Appellate Judge Tom Becker didn't write this review, he just talked his way through it from his well-appointed home.
Our review of Legacy (2010), published December 19th, 2010, is also available.
"He can't find my clitoris."
Joan Hotchkis was a "working actress" during the '60s and '70s, mainly on television. While never a big star, she was an appealing, down-to-earth, recognizable presence, offering memorable supporting turns on shows like My World and Welcome to It and The Odd Couple.
Hotchkis also did a lot of theater work, and in the '70s, she developed a character named Bissie Hapgood. Bissie was an unhappy middle-aged woman of means, and Hotchkis created a one-woman show that she performed at various performance spaces. After one performance, she was approached by budding filmmaker Karen Arthur about turning the play into a movie.
Thus was born Legacy, a film adaptation of an off-off-Broadway-style play that looks like…a film adaptation of an off-off-Broadway-style play. This is a very "stagy" film, essentially a one-person performance piece, though Hotchkis and Arthur "open it up" here and there by throwing in scenes with other characters.
Sort of a pre-historic Vagina Monologue (that is, a retro version of Eve Ensler's play, not…oh, never mind), Legacy gives us 90 minutes of the chattering Bissie sharing her thoughts on menstruation, orgasms, her clitoris, her husband, her first lover, her cook, her nanny, her gardener, her children…you get the idea. Bissie visits with her senile mother, has a phone conversation with her shrink, and buys Girl Scout cookies. She appears fully nude, masturbates in a bath tub, simulates sex with two different men, and has a climactic rant that includes just about every racist and vulgar term ever created.
It is, I guess, bravura acting, a courageous turn by Hotchkis; it must have been excruciating and exhausting when she performed it live. Watching a two or three minute clip would suggest an award-worthy performance.
Unfortunately, Hotchkis' hard work is in service of a character who's just not that compelling; as a matter-of-fact, she's downright grating. I get that Bissie is supposed to be the representation of unfulfilled, fragile, "upper-class" women everywhere, the ones who lacked the fortitude to embrace the women's movement and found themselves adrift.
But there's a difference between a representative character and an interesting character, and the shrill, self-absorbed Bissie just isn't that interesting. Her lack of insight is supposed to be insightful in itself, but it's a chore to listen to her carry on for close to 90 minutes. If Bissie had been part of a larger piece—maybe four or five monologues about women in the '70s—this would have been much more compelling. Shel Silverstein actually covered this territory far more memorably and efficiently in his song "The Ballad of Lucy Jordan," so memorably recorded by Marianne Faithfull.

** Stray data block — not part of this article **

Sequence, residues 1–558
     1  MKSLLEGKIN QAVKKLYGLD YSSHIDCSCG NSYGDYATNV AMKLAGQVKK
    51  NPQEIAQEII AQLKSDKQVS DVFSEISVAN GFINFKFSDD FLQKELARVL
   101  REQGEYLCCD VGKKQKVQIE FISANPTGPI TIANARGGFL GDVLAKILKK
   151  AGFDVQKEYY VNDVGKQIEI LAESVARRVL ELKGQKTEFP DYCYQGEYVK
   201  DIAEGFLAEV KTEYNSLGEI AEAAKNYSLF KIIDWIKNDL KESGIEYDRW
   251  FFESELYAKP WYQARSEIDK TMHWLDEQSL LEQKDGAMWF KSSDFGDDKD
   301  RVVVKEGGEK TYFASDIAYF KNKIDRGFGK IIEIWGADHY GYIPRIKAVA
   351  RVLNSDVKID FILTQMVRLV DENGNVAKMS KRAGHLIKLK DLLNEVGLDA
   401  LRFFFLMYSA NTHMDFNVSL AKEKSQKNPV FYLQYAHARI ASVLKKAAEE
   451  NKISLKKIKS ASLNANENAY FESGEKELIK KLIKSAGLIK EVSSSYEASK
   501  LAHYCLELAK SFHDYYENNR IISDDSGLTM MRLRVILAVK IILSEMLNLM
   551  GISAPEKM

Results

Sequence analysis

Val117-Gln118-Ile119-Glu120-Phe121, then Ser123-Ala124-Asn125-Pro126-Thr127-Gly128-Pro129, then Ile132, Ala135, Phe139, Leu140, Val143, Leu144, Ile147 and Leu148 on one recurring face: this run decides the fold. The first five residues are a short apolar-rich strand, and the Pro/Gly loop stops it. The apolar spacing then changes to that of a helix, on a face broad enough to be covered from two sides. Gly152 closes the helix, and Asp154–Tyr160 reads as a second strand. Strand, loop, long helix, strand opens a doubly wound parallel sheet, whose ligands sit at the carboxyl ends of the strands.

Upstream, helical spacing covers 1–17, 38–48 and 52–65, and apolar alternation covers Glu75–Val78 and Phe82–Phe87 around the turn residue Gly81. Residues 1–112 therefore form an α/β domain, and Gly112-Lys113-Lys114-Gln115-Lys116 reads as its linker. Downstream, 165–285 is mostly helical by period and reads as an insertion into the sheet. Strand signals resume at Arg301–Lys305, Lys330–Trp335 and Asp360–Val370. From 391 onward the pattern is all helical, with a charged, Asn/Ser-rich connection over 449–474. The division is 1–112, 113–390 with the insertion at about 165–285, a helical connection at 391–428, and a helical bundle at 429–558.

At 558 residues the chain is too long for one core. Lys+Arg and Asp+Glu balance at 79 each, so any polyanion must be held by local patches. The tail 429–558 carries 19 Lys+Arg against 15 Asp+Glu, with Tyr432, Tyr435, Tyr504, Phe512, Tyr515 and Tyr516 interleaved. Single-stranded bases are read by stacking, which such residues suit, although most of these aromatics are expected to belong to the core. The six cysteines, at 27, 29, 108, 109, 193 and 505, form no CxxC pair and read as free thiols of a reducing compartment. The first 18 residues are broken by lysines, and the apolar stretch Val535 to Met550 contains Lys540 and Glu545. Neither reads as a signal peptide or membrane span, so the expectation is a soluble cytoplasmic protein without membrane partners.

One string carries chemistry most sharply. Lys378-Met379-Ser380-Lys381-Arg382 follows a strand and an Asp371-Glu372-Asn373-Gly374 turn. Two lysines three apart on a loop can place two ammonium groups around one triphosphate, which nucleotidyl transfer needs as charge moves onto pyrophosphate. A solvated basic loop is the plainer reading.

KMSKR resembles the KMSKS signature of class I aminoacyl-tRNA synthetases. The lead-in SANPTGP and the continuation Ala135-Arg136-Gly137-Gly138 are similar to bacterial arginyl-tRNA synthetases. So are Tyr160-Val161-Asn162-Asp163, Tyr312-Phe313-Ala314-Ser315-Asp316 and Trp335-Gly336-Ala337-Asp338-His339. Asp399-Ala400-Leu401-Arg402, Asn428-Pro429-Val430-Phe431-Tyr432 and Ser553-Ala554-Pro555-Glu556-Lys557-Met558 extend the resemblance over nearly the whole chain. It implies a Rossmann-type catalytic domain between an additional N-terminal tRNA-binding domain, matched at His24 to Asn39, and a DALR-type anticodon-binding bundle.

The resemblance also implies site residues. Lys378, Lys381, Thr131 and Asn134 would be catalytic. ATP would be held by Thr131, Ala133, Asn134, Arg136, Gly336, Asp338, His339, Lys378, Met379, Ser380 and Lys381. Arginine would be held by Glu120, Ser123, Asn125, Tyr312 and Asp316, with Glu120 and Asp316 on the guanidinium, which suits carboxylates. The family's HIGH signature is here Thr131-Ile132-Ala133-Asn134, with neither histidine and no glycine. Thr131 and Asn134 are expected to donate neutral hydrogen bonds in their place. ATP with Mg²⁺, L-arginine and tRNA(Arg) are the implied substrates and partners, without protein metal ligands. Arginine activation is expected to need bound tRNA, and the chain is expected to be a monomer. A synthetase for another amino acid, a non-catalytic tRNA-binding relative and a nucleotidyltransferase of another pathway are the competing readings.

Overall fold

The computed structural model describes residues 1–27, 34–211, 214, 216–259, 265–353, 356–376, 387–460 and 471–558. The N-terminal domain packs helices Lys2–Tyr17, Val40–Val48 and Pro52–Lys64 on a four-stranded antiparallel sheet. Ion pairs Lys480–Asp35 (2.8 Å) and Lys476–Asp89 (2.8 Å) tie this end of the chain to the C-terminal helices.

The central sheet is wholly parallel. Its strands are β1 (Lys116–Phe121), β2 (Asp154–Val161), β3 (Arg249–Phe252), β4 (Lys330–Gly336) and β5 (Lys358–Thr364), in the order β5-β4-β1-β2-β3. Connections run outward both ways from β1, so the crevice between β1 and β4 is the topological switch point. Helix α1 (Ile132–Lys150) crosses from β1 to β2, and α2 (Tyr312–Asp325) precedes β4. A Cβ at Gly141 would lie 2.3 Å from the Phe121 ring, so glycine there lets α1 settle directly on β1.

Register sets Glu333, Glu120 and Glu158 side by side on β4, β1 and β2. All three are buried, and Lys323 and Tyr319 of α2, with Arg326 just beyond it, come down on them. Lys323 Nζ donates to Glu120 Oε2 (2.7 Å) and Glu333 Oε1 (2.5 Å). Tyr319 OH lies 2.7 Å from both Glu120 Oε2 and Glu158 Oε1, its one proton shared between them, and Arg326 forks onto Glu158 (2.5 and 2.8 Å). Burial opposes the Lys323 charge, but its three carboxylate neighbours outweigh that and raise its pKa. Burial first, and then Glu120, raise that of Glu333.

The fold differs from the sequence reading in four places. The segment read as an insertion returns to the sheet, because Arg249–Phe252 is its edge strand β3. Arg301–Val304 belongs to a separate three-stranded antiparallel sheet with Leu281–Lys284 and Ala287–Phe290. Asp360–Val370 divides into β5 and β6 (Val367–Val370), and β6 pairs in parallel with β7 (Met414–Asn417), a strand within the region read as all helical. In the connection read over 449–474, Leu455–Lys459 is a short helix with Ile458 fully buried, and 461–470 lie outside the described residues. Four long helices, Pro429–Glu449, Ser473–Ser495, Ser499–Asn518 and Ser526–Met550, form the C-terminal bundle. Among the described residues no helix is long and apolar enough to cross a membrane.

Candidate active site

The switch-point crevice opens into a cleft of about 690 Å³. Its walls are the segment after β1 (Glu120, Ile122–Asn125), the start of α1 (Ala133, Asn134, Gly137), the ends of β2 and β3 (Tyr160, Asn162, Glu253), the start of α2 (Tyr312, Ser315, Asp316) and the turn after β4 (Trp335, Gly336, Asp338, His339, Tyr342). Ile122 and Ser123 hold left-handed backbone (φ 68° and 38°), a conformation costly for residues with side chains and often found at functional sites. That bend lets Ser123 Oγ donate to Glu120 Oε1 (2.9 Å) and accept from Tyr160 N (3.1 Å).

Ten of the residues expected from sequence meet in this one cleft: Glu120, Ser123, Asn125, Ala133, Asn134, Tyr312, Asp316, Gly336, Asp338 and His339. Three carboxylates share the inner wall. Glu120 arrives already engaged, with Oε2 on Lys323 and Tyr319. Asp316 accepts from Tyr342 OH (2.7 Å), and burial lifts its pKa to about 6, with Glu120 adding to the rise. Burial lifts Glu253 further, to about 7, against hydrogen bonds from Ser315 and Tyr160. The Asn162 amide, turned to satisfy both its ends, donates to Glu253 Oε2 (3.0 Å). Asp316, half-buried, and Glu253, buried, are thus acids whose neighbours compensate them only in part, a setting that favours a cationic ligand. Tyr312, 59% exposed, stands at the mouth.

Arthur directs with occasional flair, and the film opens with a striking image of a nude, elderly woman paddling in a swimming pool—you have to wonder if Altman didn't see this before he began 3 Women. Overall, the cinematography by John Bailey (Ramona and Beezus) is very good, particularly given the budget and space limitations.
While Legacy might not be a lost classic, you wouldn't know it from Scorpion's treatment of this DVD. While the picture and audio are less-than stellar, they're acceptable, and probably as good as it gets, considering the film's age and budget—though Arthur, in her commentary, seems disappointed that the picture has been brightened and is not as "moody" as originally shot. Supplement-wise, the film gets a pretty royal treatment. We get two commentary tracks, one from Hotchkis, the other from Arthur. While both tend to ramble a bit and have their share of dead space, they are interesting and provide context.
We also get interviews with Hotchkis and Arthur, as well as with Bailey and editor Carol Littleton, plus a stills gallery.
Note: The IMDb listing for this is a mess. It lists the genre as "Action," includes "Witness Protection" as a keyword, notes that this is "John de Lancie's TV debut" (no one by that name here, and it's not a TV movie), and alleges the film is in black and white.
It's not my cup of estrogen, but as a curio—of feminist cinema, independent film, and performance art—it's interesting enough to catch once. Scorpion has done exemplary work on the disc, which rounds this up to a not guilty.
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Scales of Justice
Studio: Scorpion Releasing
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